Tracking Tropical Storm Bret - Will It Become a Hurricane?
As the 2023 Atlantic Hurricane season unfolds, the world watches with bated breath as the second named storm, Bret, forms over the central Atlantic. Currently classified as a tropical storm, Bret is forecasted to strengthen and become a hurricane in the coming days12.
For a Real-time, Accurate Visualization of Storm Bret, we suggest using the official NHC website (opens in a new tab) data as the only credible source.
To predict whether Storm Bret Can become a Hurricane, we need to go for close observation of the historical data of Tropical Storms and Hurricanes hitting the Atlantics region of North America and the Caribbean.
The following data visualization displays how a Tropical Storm becomes Hurricane:
- The data in orange demonstrates a Tropical Storm, while the data in grey demonstrates a Hurricane.
- On Monday, Bret is blowing with maximum sustained winds of 40 miles per hour, which is rapidly reaching the tipping point of 60 to reach the level of a hurricane.
As projected, the current stake of Storm Bret should be closely watched due to its high potential of developing into a hurricane.
Tropical Storm Bret was the second named storm of the 2023 Atlantic hurricane season. It formed on June 19, 2023, nearly 1,300 miles east of the southern Windward Islands. Bret moved west at 21 miles per hour toward the Caribbean Sea. It had sustained winds of 40 mph and tropical storm-force winds extended outward up to 45 miles from the center.
Bret was forecast to continue to strengthen and could be a Category 1 hurricane by Wednesday afternoon. It was expected to move across the Lesser Antilles as a hurricane on Thursday and Friday. Bret brought a risk of flooding from heavy rainfall, hurricane-force winds, and dangerous storm surge and waves.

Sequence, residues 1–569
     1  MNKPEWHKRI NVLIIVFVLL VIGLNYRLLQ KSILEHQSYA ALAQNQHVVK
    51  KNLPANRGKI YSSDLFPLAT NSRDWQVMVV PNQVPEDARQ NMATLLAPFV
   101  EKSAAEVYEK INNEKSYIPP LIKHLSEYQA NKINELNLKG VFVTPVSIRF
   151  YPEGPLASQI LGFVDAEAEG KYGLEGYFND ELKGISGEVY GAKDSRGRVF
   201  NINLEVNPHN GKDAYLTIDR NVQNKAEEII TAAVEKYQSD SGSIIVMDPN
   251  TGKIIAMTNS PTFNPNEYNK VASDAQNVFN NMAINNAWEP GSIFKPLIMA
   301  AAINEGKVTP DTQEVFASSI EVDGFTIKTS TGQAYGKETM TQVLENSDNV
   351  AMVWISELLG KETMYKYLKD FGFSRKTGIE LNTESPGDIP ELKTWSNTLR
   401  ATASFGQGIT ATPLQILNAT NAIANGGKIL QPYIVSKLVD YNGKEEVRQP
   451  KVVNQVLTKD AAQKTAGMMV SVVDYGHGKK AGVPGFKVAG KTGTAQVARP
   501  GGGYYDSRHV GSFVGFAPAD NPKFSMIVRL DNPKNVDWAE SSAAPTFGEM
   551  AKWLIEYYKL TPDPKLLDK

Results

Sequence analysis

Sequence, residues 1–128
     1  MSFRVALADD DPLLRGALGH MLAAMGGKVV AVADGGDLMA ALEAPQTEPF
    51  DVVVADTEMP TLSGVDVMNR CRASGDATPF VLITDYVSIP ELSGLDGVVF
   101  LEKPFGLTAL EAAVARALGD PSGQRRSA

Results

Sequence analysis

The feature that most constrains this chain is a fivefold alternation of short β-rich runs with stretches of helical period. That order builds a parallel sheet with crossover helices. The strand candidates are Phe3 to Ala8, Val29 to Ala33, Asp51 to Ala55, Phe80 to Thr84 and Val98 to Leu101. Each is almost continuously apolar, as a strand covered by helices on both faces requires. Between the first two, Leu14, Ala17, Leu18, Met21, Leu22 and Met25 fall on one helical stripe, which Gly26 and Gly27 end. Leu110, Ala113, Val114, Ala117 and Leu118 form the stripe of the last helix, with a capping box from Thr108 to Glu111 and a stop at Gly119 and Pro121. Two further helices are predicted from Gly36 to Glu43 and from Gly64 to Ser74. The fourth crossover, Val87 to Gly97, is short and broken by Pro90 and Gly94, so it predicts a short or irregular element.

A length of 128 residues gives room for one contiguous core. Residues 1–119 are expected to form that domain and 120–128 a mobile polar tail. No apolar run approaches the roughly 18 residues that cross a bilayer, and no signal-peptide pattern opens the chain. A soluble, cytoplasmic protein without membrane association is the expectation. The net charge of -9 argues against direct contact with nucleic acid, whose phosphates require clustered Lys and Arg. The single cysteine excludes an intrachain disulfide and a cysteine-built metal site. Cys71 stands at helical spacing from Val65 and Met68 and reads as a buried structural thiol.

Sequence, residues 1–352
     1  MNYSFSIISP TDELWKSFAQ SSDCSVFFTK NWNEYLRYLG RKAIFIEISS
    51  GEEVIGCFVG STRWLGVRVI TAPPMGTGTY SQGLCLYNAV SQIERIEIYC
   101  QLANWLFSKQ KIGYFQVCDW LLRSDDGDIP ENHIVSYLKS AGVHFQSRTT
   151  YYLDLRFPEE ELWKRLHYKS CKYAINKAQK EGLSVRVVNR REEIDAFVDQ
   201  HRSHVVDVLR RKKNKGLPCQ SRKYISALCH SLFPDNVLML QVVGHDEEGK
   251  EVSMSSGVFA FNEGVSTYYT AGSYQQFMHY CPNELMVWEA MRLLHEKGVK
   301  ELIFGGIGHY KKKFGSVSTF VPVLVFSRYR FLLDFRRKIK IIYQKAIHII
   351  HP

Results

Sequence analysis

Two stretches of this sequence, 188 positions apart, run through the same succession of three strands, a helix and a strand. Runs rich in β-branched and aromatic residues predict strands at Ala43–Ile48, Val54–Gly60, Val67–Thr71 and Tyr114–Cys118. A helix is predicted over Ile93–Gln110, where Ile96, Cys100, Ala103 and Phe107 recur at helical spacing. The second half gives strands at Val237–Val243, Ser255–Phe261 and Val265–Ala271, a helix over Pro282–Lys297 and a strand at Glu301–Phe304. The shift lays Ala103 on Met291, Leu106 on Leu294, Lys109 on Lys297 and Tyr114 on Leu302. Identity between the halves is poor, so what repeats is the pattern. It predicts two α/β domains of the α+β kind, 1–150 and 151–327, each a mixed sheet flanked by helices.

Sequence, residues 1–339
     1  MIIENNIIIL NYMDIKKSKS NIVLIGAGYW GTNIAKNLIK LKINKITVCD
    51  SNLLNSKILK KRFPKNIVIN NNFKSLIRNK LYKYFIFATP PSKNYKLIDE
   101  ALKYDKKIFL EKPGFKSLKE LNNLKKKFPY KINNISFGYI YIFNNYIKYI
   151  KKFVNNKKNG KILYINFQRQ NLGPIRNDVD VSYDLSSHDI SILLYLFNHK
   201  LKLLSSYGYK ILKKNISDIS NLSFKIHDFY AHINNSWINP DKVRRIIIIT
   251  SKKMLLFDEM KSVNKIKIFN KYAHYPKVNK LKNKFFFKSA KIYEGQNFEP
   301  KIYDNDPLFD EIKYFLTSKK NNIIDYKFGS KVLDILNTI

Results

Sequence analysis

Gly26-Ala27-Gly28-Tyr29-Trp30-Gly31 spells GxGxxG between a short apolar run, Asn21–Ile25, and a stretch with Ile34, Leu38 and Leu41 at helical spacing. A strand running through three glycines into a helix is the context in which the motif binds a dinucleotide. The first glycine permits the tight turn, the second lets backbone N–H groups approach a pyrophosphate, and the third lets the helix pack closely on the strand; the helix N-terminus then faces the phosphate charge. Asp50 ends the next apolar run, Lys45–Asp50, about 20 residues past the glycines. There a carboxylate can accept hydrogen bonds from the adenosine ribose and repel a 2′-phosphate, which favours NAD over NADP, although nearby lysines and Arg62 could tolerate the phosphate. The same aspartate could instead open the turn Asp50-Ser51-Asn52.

The formation of Bret so early in the season is a rare occurrence, indicative of the record-warm waters between the Caribbean and West Africa3. As of June 19, Bret was approximately 1210 miles from the southern United States14. The storm is moving westward at a speed of 21 mph, a motion expected to continue over the next several days5. The path of Hurricane Bret is being closely monitored by meteorologists and hurricane trackers1.
In addition to Florida, other areas along the U.S. Atlantic coast should also keep a close watch on Bret's path. The storm's trajectory and intensity could change rapidly, and all coastal residents should be prepared to take action if necessary.
Forecasters are closely monitoring the development of Bret, particularly its potential impact on the Lesser Antilles and Puerto Rico. The storm is predicted to move across the Lesser Antilles as a hurricane by Thursday and Friday, bringing with it a risk of severe weather5. Residents of these areas, as well as those in the Virgin Islands and Barbados, are advised to stay updated with the latest forecasts and prepare for potential impacts.
The path of Bret is of particular concern for Florida, given the state's history with hurricanes. While it's too early to predict with certainty, the possibility of Bret hitting Florida cannot be ruled out1. Residents are urged to monitor the storm's progress and prepare for possible impacts, including high winds, heavy rain, and storm surge.